JW Files Lawsuit Against CIA for Documents On Terrorist Interrogation Briefings of Speaker Pelosi and Congress
Judicial Watch, the public interest group that investigates and prosecutes government corruption, announced that it filed yesterday a Freedom of Information Act (FOIA) lawsuit with the U.S. District Court for the District of Columbia against the Central Intelligence Agency (CIA) to obtain documents related to congressional briefings on "enhanced interrogation techniques" (Judicial Watch v. Central Intelligence Agency, Case: 1:09-cv-01352). Judicial Watch seeks documents detailing CIA briefings involving House Speaker Nancy Pelosi and/or her staff. Judicial Watch filed its original FOIA request with the Central Intelligence Agency on May 15 seeking the following information:
- Records detailing dates when the CIA briefed congressional leaders (to include, but not limited to Rep. Nancy Pelosi and/or her aide, Michael Sheehy) on matters relating to "enhanced interrogation techniques" and/or "harsh interrogation techniques" and suspected and/or known terrorists.
- Briefing materials presented to Rep. Nancy Pelosi and/or her aide, Michael Sheehy, relating to "enhanced interrogation techniques" and/or "harsh interrogation techniques" and suspected and/or known terrorists.
- Records detailing the names of all Members of Congress (and/or Congressional Aides) briefed on "enhanced interrogation techniques" and/or "harsh interrogation techniques" and suspected and/or known terrorists.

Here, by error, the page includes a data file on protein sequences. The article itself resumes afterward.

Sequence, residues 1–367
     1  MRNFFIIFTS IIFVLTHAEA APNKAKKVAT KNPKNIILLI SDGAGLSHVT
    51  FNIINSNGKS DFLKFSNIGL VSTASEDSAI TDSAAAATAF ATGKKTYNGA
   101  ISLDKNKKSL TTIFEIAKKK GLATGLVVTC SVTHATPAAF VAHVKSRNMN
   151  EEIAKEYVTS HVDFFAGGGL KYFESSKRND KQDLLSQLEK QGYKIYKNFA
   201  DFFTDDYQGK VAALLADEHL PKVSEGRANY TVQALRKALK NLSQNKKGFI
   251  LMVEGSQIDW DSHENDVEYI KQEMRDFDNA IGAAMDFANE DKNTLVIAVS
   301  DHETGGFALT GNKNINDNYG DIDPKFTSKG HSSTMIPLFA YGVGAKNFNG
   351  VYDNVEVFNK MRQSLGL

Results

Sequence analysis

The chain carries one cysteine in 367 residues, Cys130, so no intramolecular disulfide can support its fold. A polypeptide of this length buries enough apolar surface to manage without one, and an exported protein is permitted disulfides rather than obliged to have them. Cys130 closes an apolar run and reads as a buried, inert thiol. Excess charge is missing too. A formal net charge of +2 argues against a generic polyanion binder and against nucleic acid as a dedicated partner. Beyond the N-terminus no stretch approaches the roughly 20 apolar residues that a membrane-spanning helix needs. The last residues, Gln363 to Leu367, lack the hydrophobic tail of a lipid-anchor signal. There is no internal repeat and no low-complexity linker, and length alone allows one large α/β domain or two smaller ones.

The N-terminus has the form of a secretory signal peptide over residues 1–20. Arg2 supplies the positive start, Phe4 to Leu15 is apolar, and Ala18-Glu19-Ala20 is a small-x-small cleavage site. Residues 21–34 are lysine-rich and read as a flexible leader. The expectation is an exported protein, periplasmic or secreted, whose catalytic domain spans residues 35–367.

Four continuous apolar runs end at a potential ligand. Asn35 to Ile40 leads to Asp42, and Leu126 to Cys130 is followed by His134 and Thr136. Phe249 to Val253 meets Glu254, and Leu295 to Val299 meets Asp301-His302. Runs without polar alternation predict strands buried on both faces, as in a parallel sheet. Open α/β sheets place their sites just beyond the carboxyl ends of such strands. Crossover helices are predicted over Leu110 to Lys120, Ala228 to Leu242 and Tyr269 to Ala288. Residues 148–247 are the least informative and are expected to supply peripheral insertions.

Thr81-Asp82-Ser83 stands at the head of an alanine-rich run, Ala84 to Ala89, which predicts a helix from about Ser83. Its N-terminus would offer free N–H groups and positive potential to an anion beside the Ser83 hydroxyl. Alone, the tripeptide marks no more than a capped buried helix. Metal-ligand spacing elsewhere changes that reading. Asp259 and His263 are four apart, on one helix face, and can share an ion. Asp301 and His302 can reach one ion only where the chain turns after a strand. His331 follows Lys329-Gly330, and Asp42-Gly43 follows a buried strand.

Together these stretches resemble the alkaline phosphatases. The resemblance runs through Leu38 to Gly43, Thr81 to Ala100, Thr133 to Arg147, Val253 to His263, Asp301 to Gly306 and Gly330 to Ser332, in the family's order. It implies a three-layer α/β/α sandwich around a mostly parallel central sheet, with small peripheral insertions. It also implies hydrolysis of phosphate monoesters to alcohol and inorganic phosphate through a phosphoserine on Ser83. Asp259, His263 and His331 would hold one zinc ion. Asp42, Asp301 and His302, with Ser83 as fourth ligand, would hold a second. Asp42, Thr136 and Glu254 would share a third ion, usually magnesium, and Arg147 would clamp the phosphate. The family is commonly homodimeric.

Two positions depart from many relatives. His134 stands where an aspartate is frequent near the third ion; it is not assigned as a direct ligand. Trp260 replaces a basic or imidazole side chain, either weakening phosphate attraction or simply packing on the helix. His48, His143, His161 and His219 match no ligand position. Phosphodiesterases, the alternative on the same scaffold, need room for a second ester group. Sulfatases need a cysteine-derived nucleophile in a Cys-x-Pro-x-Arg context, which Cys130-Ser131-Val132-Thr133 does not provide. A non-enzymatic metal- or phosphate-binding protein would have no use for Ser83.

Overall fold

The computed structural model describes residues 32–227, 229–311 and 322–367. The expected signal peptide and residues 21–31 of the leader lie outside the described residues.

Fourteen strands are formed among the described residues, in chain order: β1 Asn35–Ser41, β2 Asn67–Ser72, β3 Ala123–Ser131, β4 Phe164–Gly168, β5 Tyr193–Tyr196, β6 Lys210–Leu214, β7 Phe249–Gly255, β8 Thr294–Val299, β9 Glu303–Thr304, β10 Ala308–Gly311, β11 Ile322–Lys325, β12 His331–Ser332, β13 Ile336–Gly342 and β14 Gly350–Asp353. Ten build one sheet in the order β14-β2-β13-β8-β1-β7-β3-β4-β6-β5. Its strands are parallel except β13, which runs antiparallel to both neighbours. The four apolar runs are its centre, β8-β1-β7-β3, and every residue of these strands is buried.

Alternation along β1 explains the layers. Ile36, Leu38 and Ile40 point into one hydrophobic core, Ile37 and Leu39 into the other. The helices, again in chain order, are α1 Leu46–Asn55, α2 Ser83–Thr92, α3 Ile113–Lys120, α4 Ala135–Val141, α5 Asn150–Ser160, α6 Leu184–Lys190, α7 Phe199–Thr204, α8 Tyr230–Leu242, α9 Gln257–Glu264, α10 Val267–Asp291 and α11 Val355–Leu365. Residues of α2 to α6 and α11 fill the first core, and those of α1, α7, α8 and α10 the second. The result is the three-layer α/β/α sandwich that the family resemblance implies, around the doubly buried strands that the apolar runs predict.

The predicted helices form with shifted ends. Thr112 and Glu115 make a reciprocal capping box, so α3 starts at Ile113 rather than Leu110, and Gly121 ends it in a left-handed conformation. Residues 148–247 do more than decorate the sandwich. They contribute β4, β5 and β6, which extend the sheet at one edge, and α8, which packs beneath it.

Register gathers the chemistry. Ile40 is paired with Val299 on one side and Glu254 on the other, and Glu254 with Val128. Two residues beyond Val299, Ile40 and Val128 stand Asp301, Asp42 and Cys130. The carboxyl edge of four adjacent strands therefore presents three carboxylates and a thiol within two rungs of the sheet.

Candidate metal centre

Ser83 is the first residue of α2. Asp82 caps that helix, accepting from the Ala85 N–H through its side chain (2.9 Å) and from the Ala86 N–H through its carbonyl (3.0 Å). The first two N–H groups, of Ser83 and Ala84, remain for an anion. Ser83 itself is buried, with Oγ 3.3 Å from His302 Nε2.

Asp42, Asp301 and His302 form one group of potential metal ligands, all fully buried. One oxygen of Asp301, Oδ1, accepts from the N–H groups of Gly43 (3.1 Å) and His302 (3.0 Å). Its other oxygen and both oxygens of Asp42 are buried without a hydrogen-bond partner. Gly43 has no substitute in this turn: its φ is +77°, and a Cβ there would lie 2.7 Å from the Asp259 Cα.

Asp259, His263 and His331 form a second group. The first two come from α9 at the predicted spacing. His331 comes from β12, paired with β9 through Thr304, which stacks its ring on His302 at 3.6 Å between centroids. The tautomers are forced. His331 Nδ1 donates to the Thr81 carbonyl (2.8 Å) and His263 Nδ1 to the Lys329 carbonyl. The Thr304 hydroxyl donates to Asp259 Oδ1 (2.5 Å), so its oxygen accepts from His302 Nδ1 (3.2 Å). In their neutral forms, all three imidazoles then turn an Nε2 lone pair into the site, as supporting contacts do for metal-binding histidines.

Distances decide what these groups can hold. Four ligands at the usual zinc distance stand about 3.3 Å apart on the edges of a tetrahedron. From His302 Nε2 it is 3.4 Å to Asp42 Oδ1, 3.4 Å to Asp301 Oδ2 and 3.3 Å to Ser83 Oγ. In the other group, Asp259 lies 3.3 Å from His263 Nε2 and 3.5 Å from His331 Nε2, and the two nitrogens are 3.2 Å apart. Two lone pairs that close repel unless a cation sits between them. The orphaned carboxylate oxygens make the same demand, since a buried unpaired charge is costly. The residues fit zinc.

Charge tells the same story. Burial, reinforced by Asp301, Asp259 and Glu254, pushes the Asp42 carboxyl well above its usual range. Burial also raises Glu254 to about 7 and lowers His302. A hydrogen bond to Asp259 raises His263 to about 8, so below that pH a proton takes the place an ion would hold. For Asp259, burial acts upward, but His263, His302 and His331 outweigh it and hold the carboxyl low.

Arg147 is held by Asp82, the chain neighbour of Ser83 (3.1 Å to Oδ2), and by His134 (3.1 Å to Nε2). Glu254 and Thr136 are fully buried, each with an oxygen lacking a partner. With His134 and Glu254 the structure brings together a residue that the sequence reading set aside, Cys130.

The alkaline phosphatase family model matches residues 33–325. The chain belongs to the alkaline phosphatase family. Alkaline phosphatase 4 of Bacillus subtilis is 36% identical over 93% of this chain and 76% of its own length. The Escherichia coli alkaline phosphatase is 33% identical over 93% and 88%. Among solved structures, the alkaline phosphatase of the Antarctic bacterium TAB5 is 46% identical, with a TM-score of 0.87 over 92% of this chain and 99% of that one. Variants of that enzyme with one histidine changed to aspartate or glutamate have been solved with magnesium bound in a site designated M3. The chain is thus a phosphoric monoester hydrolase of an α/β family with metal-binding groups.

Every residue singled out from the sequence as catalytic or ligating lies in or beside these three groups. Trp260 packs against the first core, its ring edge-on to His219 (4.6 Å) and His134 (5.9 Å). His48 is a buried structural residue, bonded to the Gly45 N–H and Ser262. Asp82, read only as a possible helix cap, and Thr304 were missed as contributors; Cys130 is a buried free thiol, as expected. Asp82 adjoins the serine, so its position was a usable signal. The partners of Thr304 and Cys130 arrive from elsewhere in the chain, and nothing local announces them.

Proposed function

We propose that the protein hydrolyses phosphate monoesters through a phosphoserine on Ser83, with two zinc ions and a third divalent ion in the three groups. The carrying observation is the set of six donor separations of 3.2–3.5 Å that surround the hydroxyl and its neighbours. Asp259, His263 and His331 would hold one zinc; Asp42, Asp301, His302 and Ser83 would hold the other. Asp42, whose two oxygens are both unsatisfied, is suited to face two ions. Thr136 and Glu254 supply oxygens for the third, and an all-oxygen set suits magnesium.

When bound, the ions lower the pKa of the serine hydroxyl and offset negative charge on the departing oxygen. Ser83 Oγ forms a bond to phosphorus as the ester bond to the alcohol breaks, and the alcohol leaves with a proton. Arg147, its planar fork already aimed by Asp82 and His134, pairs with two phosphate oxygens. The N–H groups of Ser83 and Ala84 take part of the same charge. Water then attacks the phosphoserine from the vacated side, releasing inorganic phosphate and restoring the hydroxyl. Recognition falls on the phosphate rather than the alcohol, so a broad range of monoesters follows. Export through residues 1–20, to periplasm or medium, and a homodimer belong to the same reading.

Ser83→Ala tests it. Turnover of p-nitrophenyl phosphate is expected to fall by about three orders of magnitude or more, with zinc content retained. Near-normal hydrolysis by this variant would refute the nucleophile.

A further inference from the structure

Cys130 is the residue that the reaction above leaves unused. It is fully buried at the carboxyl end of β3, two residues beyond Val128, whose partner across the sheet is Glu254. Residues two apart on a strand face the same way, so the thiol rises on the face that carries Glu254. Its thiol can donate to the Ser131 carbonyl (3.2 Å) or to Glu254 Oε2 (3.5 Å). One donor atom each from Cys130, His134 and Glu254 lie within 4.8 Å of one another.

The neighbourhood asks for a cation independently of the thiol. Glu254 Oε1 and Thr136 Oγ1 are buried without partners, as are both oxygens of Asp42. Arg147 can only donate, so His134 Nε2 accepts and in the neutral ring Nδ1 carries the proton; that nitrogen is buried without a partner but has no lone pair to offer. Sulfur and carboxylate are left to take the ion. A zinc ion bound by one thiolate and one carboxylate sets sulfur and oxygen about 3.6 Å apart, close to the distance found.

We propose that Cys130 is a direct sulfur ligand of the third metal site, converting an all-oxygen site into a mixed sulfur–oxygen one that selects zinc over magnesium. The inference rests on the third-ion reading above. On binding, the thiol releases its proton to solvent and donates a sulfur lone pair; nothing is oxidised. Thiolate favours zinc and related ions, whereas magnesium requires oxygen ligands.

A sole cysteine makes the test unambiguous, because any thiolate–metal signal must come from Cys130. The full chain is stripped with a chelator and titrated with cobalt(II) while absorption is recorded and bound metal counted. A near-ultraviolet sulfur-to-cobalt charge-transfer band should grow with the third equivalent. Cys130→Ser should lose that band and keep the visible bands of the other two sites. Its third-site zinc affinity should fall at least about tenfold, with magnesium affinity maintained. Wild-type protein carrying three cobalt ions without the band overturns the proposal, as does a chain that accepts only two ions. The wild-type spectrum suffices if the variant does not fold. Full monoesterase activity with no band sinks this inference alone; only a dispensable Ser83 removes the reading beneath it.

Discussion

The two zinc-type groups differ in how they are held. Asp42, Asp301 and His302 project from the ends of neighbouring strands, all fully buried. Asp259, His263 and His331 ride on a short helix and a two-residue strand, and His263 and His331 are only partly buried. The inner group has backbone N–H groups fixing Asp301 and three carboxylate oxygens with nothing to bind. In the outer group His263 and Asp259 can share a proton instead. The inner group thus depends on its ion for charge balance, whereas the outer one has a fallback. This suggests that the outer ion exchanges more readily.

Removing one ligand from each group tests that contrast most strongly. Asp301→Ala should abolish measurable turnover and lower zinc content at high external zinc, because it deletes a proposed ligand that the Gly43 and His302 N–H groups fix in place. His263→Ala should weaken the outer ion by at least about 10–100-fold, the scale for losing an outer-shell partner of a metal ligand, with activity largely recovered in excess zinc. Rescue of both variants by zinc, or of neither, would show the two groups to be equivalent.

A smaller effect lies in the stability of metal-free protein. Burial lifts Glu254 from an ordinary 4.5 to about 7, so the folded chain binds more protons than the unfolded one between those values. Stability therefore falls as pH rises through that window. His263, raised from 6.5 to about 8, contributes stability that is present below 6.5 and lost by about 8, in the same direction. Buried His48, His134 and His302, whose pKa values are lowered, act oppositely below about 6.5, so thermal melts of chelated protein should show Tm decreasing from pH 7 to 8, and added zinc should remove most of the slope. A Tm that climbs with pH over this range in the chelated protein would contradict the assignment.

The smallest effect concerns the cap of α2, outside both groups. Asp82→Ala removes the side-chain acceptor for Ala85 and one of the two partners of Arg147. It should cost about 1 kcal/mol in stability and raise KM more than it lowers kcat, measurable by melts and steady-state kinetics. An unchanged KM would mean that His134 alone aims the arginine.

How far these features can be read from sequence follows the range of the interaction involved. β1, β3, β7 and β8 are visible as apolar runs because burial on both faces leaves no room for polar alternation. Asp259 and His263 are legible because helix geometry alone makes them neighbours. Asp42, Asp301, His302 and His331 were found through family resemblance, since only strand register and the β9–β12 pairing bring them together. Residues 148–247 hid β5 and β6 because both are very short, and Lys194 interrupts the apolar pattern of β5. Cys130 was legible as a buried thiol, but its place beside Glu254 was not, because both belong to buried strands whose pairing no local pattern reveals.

- Records and briefing materials from a reported September 4, 2002 briefing of Rep. Nancy Pelosi (and/or her aide Michael Sheehy) concerning waterboarding detainees.
- Records detailing all instances when the CIA has provided briefings to Members of Congress under the provisions of the National Security Act from September 11, 2001 to present.
On June 23, the CIA notified Judicial Watch that it would not be able to respond to the FOIA request within the mandated 20 working days but failed to indicate when a response would be forthcoming. The CIA suggested it would respond "as soon as we can."
In April 2009 Speaker Pelosi admitted she was briefed on the use of "enhanced interrogation techniques," including waterboarding, but said that the CIA did not tell her that the techniques had already been used. The CIA contradicted Pelosi’s claim, pointing to a briefing they held with the speaker on September 4, 2002 and a subsequent briefing to her top staffer. In response to the controversy, Speaker Pelosi stated the CIA was lying about the briefings and "mislead(s) Congress all the time." Judicial Watch filed its FOIA request to get to the truth in the matter.
"I suspect the Obama administration is stonewalling the release of these documents to protect Speaker Pelosi from further embarrassment," stated Judicial Watch President Tom Fitton. "This FOIA lawsuit shows, yet again, that Obama’s promises of transparency were nothing more than empty rhetoric."
On July 14, Judicial Watch filed a separate FOIA lawsuit against the CIA to obtain records from the Office of former Vice President Cheney related to the results of the CIA’s "enhanced interrogation" techniques.